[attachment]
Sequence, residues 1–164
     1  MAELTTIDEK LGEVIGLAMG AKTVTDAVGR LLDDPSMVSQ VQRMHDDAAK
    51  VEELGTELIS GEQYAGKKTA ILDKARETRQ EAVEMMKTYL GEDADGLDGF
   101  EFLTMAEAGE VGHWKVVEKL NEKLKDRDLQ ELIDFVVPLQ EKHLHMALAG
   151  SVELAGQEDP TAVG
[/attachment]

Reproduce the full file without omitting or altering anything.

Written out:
Sequence, residues 1–164
     1  MAELTTIDEK LGEVIGLAMG AKTVTDAVGR LLDDPSMVSQ VQRMHDDAAK
    51  VEELGTELIS GEQYAGKKTA ILDKARETRQ EAVEMMKTYL GEDADGLDGF
   101  EFLTMAEAGE VGHWKVVEKL NEKLKDRDLQ ELIDFVVPLQ EKHLHMALAG
   151  SVELAGQEDP TAVG